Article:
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Displaying items by tag: Medevac

Aran Islands RNLI carried out a medical evacuation from Inis Meáin on Monday afternoon (6 November).

Volunteers’ pagers went off at 3.14pm following a request from the Irish Coast Guard to go to the aid of a patient on the island neighbouring Inis Mór who was in need of further medical attention.

The lifeboat launched from the pontoon at Kilronan Harbour with a full crew and headed straight for Inis Meáin.

Weather conditions at the time of launching were fair, with a westerly Force 5 wind blowing, a two-metre sea swell, squally showers and good visibility.

At the pier in Inis Meáin, the patient was transferred safely aboard the lifeboat under the supervision of the volunteer crew and the lifeboat headed straight for Rossaveal Harbour and the waiting ambulance.

On the way back to Kilronan Harbour, the lifeboat undertook a training exercise with the coastguard’s Rescue 118 helicopter from Sligo in Galway Bay.

Speaking after the call-out, coxswain Declan Brannigan said: “There was a quick response time from the volunteer crew and we would like to wish the patient well.

“No matter the time, day or night, our volunteers will work to ensure we get to the patient as fast as possible and transfer them into the care of our colleagues in he ambulance service.

“We also thank our colleagues from Rescue 118 for the training exercise that followed after. Such training is essential in preparing us for joint operational activity as and when the time arises.”

The crew on this call-out with Brannigan were mechanic Tommy Dirrane, Joe Gill, Micheál Ó Culáin, Caelan Cullen Quinn and Billy Gillan.

Published in RNLI Lifeboats

Baltimore RNLI were called out to provide a medical evacuation on Friday morning (28 October) from Cape Clear Island off the coast of West Cork.

The volunteer lifeboat crew launched their all-weather lifeboat The Alan Massey at 10.44am following a request from the Irish Coast Guard to provide a medevac for a resident of the island.

The Baltimore crew arrived at North Harbour on Cape Clear Island at 11.08am where the casualty and the island nurse were waiting. The casualty was transferred onto a stretcher and then onboard the lifeboat, which departed at 11.30am and arrived in Baltimore half an hour later.

The casualty was then transferred from the lifeboat to the waiting ambulance and care was handed over to the HSE ambulance crew.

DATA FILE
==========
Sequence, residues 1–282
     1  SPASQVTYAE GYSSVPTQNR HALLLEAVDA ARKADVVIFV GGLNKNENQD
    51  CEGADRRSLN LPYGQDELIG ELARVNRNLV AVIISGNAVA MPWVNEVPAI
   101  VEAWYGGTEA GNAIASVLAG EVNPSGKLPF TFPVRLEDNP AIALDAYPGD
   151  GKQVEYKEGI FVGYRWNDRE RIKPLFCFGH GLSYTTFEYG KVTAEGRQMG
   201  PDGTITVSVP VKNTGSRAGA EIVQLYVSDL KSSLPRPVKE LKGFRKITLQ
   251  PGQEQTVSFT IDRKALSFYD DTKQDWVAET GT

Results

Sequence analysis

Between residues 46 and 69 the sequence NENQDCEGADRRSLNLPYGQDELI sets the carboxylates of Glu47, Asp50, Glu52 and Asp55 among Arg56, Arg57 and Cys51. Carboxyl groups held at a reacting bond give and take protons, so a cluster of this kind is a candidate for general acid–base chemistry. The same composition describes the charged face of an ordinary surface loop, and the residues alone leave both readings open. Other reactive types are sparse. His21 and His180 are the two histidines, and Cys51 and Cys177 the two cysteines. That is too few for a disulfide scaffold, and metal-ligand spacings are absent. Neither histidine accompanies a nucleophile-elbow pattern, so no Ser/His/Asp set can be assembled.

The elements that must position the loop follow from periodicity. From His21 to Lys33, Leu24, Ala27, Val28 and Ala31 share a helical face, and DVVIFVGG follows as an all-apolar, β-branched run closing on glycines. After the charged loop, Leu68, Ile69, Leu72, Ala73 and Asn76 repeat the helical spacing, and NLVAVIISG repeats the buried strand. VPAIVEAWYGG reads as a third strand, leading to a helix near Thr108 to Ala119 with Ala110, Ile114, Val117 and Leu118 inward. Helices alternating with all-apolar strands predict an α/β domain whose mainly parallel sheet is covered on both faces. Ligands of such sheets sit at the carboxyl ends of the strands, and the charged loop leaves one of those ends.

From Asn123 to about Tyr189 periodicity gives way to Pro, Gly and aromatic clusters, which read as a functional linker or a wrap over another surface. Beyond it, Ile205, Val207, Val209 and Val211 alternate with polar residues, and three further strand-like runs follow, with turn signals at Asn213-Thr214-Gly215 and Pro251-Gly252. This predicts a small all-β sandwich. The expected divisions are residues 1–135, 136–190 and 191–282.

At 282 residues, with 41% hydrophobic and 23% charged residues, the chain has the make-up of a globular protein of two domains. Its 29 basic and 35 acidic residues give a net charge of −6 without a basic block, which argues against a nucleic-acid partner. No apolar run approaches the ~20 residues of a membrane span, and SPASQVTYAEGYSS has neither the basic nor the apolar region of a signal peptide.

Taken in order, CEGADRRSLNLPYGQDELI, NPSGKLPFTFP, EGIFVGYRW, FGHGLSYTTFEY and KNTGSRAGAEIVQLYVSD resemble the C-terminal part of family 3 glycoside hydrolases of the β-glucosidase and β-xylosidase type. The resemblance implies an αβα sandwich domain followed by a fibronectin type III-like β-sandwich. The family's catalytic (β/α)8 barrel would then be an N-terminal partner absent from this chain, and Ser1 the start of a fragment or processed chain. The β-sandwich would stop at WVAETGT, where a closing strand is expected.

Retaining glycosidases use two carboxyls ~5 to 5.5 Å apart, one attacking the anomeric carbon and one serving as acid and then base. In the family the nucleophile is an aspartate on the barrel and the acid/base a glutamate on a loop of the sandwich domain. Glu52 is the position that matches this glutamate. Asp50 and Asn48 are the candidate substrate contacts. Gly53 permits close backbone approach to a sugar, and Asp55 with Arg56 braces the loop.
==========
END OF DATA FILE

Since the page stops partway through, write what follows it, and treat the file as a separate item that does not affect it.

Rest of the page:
Conditions during the call-out were windy with a south-westerly Force 4-5 wind and a large sea swell.

Speaking later, Baltimore RNLI volunteer lifeboat press officer Kate Callanan said: “Baltimore RNLI often provide medical evacuations to residents of islands off the coast of West Cork. If you find yourself in need of medical assistance whilst on an island, call 999 or 112 and ask for the coastguard.”

There were seven volunteer crew onboard the lifeboat: coxswain Aidan Bushe, mechanic Cathal Cottrell and crew members Micheal Cottrell, Jerry Smith, Pat Collins, Stuart Musgrave and Emma Geary.

Published in RNLI Lifeboats

Aran Islands RNLI’s all-weather lifeboat responded to a medical evacuation request from Inis Mór on Tuesday (5 September).

The patient was transferred safely aboard the lifeboat under the supervision of the volunteer crew at the pontoon at Kilronan Harbour and the lifeboat headed straight for Rossaveal Harbour.

Conditions at the time of launching were fair with a Force 4 north-easterly wind blowing and slight seas.

The crew on Tuesday’s call-out were coxswain Aonghus Ó hIarnáin, mechanic Mairtín Eoin Coyne and crew Áine Ní Fhlaithearta, Alan O'Flynn and Caelan Cullen Quinn.

Published in RNLI Lifeboats

Aran Islands RNLI carried out a medical evacuation on Wednesday afternoon (19 July) after a visitor had a biking accident.

The volunteer crew were requested to launch their all-weather lifeboat at 3.31pm and proceed to the pontoon at Kilronan on the island of Inis Mór, where the patient was transferred safety aboard before the lifeboat headed straight for Rossaveal Harbour and the awaiting ambulance.

Conditions at the time of launching were good, with calm seas and a light breeze.